Schengen travel insurance

If you’re planning a trip to any of the 26 countries in the Schengen area and you aren’t a UK citizen, you’ll probably need a Schengen visa. You’ll also need travel insurance.

If you’re planning a trip to any of the 26 countries in the Schengen area and you aren’t a UK citizen, you’ll probably need a Schengen visa. You’ll also need travel insurance.

Patrick Ikhena
From the Travel team
4
minute read
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Posted 23 DECEMBER 2O2O

CORONAVIRUS UPDATE

Following new restrictions implemented on 5 January 2021, you can only travel internationally or within the UK if you're legally permitted to do so while the UK is under full lockdown restrictions.

The Foreign, Commonwealth & Development Office (FCDO), currently advises British nationals against all but essential international travel. See latest FCDO advice for further information.

Any insurance policy purchased to cover a trip to a destination where the local authority, or the FCDO, has instructed citizens not to travel, will not be valid.

For more information, please see our coronavirus and travel insurance page.

Until then, stay safe.

Customers with more serious pre-existing medical conditions

Our panel includes insurance providers who quote cover for all medical conditions declared on our website, with no exclusions.

The Money and Pensions Service (MaPs) has also launched on its Money Advice Service website a directory of insurance providers who may be able to provide quotes over the phone, if you have more serious medical conditions. Find more information at the Money Advice Service or by calling the British Insurance Brokers’ Association on 0370 950 1790.

What is Schengen travel insurance?

The Schengen Area is a group of countries where EU citizens and others can travel without border checks. Schengen travel insurance gives non-EU citizens travel and medical cover for all 26 Schengen countries.

Here’s a full list of Schengen countries:

Austria, Belgium, Czech Republic, Denmark, Estonia, Finland, France, Germany, Greece, Hungary, Iceland, Italy, Latvia, Liechtenstein, Lithuania, Luxembourg, Malta, Netherlands, Norway, Poland, Portugal, Slovakia, Slovenia, Spain, Sweden, Switzerland.

The UK isn’t part of the Schengen agreement. Neither are Bulgaria, Croatia, Cyprus, Ireland and Romania.

When do I need Schengen travel insurance to travel in Europe?

If you’re not an EU national, then in many cases you’ll need a valid visa and travel insurance to travel in Europe. The European Commission website has a full list of who needs a Schengen visa.

Comprehensive travel insurance is essential for anyone applying for a Schengen visa, according to EU law. Citizens of some non-EU countries don’t need a Schengen visa, but they might need a visa for the countries they want to visit.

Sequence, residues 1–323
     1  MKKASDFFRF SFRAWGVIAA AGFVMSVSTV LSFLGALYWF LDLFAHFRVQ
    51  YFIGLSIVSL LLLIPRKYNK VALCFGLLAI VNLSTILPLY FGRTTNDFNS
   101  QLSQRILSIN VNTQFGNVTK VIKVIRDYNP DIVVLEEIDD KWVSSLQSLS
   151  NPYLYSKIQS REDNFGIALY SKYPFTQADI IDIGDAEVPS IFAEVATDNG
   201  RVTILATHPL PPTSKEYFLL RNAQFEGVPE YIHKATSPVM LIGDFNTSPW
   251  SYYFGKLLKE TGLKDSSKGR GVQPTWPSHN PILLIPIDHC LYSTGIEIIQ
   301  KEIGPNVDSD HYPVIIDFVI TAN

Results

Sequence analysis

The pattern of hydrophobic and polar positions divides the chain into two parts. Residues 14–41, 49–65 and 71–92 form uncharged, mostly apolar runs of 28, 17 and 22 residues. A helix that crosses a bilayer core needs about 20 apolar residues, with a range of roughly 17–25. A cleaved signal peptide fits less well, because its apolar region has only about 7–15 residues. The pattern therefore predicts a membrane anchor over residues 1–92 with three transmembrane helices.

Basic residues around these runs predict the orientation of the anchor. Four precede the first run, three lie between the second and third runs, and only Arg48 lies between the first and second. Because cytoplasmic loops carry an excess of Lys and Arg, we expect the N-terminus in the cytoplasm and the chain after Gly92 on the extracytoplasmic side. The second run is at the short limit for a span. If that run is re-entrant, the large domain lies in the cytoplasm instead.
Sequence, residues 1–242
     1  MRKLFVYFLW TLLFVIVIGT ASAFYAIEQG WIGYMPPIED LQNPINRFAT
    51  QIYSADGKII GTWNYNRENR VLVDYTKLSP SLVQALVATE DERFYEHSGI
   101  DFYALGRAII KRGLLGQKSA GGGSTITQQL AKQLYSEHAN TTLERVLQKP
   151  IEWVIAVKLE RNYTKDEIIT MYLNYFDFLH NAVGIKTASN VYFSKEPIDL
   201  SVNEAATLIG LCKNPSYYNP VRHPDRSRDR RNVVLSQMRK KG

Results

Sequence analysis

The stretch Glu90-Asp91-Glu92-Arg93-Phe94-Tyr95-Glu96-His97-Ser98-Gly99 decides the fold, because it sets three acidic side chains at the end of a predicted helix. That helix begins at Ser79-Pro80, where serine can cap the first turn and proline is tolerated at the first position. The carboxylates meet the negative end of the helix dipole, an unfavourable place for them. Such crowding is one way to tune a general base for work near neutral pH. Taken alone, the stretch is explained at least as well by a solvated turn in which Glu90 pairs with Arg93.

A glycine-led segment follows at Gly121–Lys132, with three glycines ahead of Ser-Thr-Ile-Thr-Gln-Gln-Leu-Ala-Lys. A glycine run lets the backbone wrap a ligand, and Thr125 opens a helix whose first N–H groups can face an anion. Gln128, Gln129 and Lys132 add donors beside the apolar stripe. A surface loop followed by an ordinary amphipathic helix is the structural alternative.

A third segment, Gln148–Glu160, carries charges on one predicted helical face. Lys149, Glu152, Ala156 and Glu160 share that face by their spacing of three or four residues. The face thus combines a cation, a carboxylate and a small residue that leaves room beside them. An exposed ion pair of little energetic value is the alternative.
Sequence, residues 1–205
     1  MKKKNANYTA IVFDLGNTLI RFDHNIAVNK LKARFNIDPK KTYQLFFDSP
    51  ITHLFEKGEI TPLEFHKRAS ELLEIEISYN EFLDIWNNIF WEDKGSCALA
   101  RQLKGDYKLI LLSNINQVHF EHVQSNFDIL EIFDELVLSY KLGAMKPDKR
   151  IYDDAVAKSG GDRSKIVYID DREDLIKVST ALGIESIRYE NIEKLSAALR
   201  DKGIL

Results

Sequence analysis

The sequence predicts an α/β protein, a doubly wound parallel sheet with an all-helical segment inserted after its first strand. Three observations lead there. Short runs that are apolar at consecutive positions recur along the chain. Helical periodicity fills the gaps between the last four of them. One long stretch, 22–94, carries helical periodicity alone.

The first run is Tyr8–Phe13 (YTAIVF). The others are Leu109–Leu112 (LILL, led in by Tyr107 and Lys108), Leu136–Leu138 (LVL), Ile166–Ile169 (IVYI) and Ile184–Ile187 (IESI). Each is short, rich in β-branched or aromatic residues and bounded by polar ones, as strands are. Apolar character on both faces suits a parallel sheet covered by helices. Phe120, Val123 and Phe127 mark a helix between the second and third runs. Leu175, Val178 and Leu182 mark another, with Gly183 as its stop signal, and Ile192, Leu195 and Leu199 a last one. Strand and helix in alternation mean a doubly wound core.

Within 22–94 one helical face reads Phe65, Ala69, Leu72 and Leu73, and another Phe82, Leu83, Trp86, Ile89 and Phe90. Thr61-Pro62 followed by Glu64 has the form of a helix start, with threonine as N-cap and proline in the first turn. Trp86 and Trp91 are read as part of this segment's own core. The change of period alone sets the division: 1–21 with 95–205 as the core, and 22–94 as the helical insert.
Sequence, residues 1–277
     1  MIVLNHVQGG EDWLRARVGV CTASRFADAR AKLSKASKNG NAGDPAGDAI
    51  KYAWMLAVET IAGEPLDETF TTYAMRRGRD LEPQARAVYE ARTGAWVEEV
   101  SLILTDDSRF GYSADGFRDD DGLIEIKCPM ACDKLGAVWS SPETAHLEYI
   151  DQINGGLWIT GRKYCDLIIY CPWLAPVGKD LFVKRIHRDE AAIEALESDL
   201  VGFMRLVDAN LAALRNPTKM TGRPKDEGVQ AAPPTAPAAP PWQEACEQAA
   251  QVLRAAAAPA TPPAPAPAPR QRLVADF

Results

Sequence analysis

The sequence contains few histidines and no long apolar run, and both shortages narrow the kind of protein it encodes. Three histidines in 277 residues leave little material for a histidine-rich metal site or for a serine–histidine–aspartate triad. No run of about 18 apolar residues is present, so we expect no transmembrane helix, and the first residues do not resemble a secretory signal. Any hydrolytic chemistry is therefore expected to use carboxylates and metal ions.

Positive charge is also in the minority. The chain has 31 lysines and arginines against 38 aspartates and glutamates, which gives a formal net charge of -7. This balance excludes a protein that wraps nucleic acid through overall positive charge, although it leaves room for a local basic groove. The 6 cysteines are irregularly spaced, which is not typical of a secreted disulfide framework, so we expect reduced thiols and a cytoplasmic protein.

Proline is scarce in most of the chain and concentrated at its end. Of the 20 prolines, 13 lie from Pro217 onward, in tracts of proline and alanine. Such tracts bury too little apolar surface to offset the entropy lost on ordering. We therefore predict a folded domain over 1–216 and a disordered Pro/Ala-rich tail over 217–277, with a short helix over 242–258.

At the moment, UK citizens can travel to all countries in the Schengen area without a visa. However, this may change when the Brexit transition period ends on 31 December 2020.

But although travel insurance isn’t a legal requirement for UK citizens travelling to the Schengen area, it may make sense to have it. It can help to ensure you’re fully covered for medical emergencies, as well as covering your belongings and any disruption to your holiday. Read more about travel insurance for Europe.

How do I apply for a Schengen travel visa?

You’ll need:

  • A completed visa application
  • A valid passport
  • Two identical passport photographs
  • Details of your travel itinerary
  • Travel insurance covering up to €30,000 of medical costs

Some countries may have different requirements for Schengen visas, so it’s always worth double checking with the embassy of the country or countries you’re planning to visit before setting of.

What does Schengen travel insurance usually cover?

Schengen travel insurance should give you basic cover for all 26 Schengen countries, including:

  • Medical cover – to qualify for a Schengen visa, travellers must be covered for medical costs up to €30,000
  • Lost, stolen or damaged luggage and passports – covering you for any damage to your personal belongings or travel documents
  • Cancellations and delays – so if your holiday is cancelled, delayed or shortened, you can claim for some expenses
  • Repatriation – can cover the costs of getting you home if there are problems with your airline, or you need special travel arrangements due to a medical emergency

What won’t be included in my travel insurance policy?

A standard insurance policy will cover you for many types of claims, but there might be some exceptions. Here are few things that may not be included in your cover:

  • Pre-existing medical conditions If you don’t tell your insurance provider about a pre-existing condition like asthma or diabetes, you’re unlikely to be able to make a claim relating it while you’re away.
  • Injuries or accidents from high-risk activities If you’re planning on booking adventure activities, like water sports, mountain biking or skiing. while you’re away, you may want to think about getting adventure travel insurance. It’s always better to play it safe.

How much does Schengen travel insurance cost?

The cost of travel insurance to the Schengen area depends on a number of things, including your age, where you’re going, how long you’re staying and how much cover you want.

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